LONDON — It was not what he wanted to hear. When Richard Hollis signed up for evening classes in painting at a London art school in the mid-1950s, he showed his work to the teacher, the artist William Turnbull. “When he looked at it, he said: ‘You should be a graphic designer,”’ Mr. Hollis recalled. “I was horrified by the idea, but he was absolutely right. I had a lot of facility, but, of course, facility has nothing to do with being creative.”
Horrified or not, Mr. Hollis took the advice and pursued a career in graphic design that seems to have aligned perfectly with his interests. Through his work, he has explored his passion for art, literature and politics, and forged long working relationships with the art critic John Berger and the artist Steve McQueen, as well as with the Whitechapel Gallery and bastions of British radicalism, such as the Campaign for Nuclear Disarmament and New Society magazine.
Now 77, Mr. Hollis works from his studio of 20 years in the basement of his London home, surrounded by books, photographs and the corpses of antiquated office equipment. A spry figure with a tendency to understatement, which is characteristic of Englishmen of his generation, he is little known outside the graphic design world, but widely admired within it for his singular approach and the conceptual rigor of his work, which expresses complex ideas clearly and economically without resorting to stylistic trickery.
A retrospective of his projects since the late 1950s opened in Spring at Gallery Libby Sellers in London, and a book of his writing on design is published.
“Richard is concerned above all else with meaning,” said Emily King, the design historian, who curated the retrospective. “He wants people to understand the images and the texts that are part of his designs and, in particular, he wants them to understand how they work together. His work is an argument for the necessity of intelligence in design.”
An example is Mr. Hollis’s best-known work, “Ways of Seeing,” the 1972 book that accompanied a television series made by Mr. Berger on the consumption of visual imagery. Starting with the opening line, “Seeing comes before words,” the text begins on the cover, rather than on an inside page, and Mr. Hollis positioned the images beside relevant passages of text.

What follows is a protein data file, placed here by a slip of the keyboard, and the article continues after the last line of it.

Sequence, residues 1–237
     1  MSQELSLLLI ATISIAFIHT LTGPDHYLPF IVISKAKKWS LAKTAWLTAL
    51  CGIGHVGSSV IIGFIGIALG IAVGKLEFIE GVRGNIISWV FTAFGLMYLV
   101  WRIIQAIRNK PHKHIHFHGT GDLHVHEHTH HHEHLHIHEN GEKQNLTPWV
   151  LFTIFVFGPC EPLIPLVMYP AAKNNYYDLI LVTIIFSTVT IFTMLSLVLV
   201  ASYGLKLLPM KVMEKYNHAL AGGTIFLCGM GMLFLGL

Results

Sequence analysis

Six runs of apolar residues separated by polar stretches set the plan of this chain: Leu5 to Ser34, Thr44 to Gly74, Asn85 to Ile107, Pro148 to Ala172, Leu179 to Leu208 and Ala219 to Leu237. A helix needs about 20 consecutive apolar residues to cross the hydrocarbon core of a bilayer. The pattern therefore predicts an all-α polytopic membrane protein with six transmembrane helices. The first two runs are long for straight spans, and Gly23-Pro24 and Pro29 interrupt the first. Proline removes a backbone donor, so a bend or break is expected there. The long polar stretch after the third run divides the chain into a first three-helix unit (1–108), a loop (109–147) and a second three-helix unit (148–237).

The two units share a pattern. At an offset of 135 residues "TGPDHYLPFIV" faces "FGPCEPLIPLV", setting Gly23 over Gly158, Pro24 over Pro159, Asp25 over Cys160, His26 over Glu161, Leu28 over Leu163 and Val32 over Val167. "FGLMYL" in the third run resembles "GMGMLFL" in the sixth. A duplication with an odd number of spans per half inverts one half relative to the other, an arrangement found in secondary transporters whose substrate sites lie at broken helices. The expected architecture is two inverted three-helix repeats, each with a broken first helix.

By doing so, he ensured that each one serves a functional purpose by enhancing the reader’s understanding, and is never purely decorative. If ever his system proved problematic, for example, by splitting an image between two pages, Mr. Berger, who he had befriended when they both worked on New Society, would finesse the wording. “I’d say ‘Could you cut it a bit?’ and he’d say ‘Yes, of course,”’ Mr. Hollis explained. “The only way for me to work was to sit with the writer, or the artist or curator, and go through the book page by page. That’s what’s fun about design. It is a social business.”
Mr. Hollis learned graphic design on the job when he set up a silk-screen studio in his apartment to make ends meet after leaving art school in 1956. “I’d silk screen posters for artists and add type to them at a printer’s down the road,” he recalled. “That’s how I began.”
He then designed books and taught graphic design, before spending a year in the art department of the Parisian department store Galeries Lafayette. A friend, Norman Potter, asked him to return to Britain in 1964 to develop a new design course, which would adopt a holistic approach by combining different disciplines, at an art school in Bristol.
“He said: ‘Look, I think we could make a new Bauhaus,”’ Mr. Hollis recalled. “We had a lot of fun, but of course it met with a certain amount of astonishment and a certain amount of resistance.”
When he spotted an ad in New Society for an art editor of the magazine in 1966, Mr. Hollis applied for the job and went back to London. By then, he was also designing the quarterly journal Modern Poetry in Translation, which he continued for 40 years, and would soon begin his work for the Whitechapel.
Mr. Hollis describes his career as if every encounter was accidental, and each assignment came about “by chance,” as he words it. He was roped into the poetry journal by his neighbor, the poet Ted Hughes, who was one of the co-founders, and started working for the Whitechapel after a chance conversation with the director. One of his jobs was for an artist whom he happened to sit next to on a coach.
“I was very lucky,” he said. “I can only once remember going round with a portfolio, which was such a humiliating experience.” Thanks to his income from teaching and, later, from writing on graphic design history, he could work mostly on his own terms.
“One of my friends had a job with a publisher and they used to stand over him and say: ‘Try making that blue,”’ he said. “Being a graphic designer should be like being a doctor: People come to you with a problem and you find a way of treating it. They shouldn’t come with a broken leg and say, ‘I want a splint of these dimensions.”’
Not that he would have been receptive to such demands. When the designer Christopher Wilson described his experience of working with Mr. Hollis in the graphic design magazine Eye, he recalled “three-day arguments over line endings.”
Mr. Hollis sees design as a “social service” in which the designer is charged with solving “a puzzle” and should do so as frugally as possible, for example by experimenting with using color sparingly, but to maximum effect, and with folding paper, rather than binding it. “Richard is always seeking the thriftiest solution,” Ms. King said. “He told me that in the postwar period, people would employ professional designers to save money because they understood best how to make things with minimal means.”